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Brexit and the housing market

View profile for Lalini De Silva
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Since 2016 there has been much talk about Brexit and the UK’s deal on departure. One of the biggest issues people face is the uncertainty of it all; one expert contradicts another, one MP’s comments differ from another, changes in the deal at every turn.  It is enough to make even the most politically engaged person confused.

How is the housing market affected?

Shortly after the referendum, the property market stayed fairly stable in terms of the volume of property transactions going through to completion. BakerLaw has seen a noticeable though still relatively small decline in housing prices, despite the recent statistics published by the Office for National Statistics (ONS) that shows the average house prices in the UK increased by 3.5% from last year for the majority of the UK. The exception is London where the average prices have been falling at a steady rate. However, this could be more attributable to Stamp Duty Land Tax (SDLT) increases from 2016 and heavier taxes for investors/foreign buyers. With the lowest average house prices in London being 13 times higher than a person’s average wage, this may not be an entirely bad thing.

In the last few months of 2018, as the final ‘deal’ was becoming more transparent, we have noticed that transactions are taking longer. As concerns for a dreaded “market crash” grow, the longer both buyers and sellers draw out the process. 

The Bank of England’s governor, Mark Carney has predicted a price fall of 25-30%, as the worst-case scenario. However, this is the worst-case scenario and all current indications show that the worst case is not likely to happen. There appear to be bigger impacts on the housing market such as Christmas, interest rates and population size.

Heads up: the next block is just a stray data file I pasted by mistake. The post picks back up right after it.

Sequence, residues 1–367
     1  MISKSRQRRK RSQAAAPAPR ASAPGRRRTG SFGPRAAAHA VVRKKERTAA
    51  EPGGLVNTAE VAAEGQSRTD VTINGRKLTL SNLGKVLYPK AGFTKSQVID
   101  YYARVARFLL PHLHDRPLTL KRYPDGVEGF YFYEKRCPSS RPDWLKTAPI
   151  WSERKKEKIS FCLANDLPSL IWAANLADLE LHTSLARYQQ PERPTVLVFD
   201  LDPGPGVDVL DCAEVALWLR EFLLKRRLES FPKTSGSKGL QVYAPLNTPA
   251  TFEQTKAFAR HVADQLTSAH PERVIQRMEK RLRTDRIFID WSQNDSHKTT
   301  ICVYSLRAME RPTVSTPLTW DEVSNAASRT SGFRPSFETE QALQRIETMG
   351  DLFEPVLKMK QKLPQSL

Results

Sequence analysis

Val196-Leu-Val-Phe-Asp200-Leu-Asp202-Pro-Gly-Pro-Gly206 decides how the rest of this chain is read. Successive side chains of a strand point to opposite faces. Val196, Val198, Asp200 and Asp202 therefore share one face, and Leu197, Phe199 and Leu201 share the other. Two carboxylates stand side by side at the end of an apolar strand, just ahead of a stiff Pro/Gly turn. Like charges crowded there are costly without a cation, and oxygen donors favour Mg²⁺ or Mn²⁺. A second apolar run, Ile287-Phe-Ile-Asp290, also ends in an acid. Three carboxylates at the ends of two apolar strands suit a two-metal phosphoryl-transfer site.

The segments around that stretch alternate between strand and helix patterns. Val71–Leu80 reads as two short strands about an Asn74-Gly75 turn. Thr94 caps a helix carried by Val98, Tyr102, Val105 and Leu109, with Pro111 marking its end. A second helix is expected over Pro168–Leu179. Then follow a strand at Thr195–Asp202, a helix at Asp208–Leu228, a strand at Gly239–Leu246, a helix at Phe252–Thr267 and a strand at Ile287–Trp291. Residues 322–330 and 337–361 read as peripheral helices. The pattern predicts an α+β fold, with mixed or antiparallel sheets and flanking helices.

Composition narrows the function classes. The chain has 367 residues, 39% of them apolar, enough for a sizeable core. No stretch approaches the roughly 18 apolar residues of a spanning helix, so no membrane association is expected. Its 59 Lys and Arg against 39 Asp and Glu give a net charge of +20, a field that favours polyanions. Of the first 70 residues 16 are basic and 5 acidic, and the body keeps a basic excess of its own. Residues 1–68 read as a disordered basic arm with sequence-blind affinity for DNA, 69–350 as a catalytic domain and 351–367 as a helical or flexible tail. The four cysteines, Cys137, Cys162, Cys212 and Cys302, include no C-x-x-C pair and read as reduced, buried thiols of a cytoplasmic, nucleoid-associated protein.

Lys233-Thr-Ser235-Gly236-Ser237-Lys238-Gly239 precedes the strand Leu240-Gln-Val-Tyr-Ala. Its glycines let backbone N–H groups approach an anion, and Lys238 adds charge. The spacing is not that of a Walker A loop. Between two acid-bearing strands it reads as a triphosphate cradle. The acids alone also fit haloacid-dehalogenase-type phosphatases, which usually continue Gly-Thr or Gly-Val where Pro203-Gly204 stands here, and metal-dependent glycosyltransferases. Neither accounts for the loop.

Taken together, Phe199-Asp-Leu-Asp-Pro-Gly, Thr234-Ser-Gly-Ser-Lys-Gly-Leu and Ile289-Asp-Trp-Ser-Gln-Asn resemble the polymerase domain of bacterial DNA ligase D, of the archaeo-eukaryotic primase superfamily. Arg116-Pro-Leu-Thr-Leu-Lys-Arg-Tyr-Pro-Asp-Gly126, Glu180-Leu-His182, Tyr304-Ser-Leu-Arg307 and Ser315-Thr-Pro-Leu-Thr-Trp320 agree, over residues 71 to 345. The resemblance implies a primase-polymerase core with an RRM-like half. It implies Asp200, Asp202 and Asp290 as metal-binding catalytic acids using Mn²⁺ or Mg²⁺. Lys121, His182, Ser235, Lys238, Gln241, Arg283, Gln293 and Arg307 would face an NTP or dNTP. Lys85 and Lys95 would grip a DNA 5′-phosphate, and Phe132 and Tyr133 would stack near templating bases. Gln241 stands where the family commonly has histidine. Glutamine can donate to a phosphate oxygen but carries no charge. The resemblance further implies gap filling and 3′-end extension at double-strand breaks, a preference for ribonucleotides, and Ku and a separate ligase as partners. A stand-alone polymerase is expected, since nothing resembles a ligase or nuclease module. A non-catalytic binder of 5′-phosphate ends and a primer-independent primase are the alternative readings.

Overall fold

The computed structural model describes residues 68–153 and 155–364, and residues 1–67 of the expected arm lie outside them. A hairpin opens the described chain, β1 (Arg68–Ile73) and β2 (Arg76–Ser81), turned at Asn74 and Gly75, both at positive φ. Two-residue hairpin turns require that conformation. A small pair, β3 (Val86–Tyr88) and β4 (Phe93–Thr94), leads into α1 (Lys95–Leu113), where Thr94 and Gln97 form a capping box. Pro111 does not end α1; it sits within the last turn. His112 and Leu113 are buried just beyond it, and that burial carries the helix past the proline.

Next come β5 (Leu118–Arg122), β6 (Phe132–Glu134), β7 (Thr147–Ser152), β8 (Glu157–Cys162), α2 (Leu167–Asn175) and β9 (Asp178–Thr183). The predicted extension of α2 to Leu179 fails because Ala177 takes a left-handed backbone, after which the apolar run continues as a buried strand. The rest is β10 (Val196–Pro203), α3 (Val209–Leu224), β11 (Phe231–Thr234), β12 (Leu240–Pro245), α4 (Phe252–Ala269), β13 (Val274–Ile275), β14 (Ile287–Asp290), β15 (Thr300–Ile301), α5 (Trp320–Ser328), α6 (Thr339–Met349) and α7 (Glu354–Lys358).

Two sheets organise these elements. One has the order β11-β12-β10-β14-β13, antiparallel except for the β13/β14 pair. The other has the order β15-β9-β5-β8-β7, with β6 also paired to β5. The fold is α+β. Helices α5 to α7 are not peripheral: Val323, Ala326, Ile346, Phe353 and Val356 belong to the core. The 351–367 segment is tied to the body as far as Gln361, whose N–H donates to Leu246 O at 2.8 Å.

So where does this leave you?

Do you need to upsize because of a new addition to the family? Are you relocating due to work? Are you sick of renting or are you a first-time buyer wanting to settle down and make a home for yourself? Now may be the time to buy a new house and use the market uncertainty to your advantage.      

What happens with Brexit is out of your control as a buyer, seller or both. Life should not be put on hold because of uncertainty or change. Brexit will not be an immediate transition in March 2019, it will take time. If you want/need to buy or sell then don’t wait. Live your life now.

When you decide to sell, buy or re-mortgage, BakerLaw’s Property Team are here to make the process as stress free and cost effective as possible. Please do not hesitate to get in contact for a quote or for more details of what comes next.

 

This article is not a definitive statement of the law. It is designed as a free update on the law at the time of publishing. It is not a substitute for legal advice on specific facts and circumstances. BakerLaw LLP and/or the writer accepts no liability or responsibility for reliance on this article and recommends that you seek independent legal advice on your specific circumstances prior to taking any steps.

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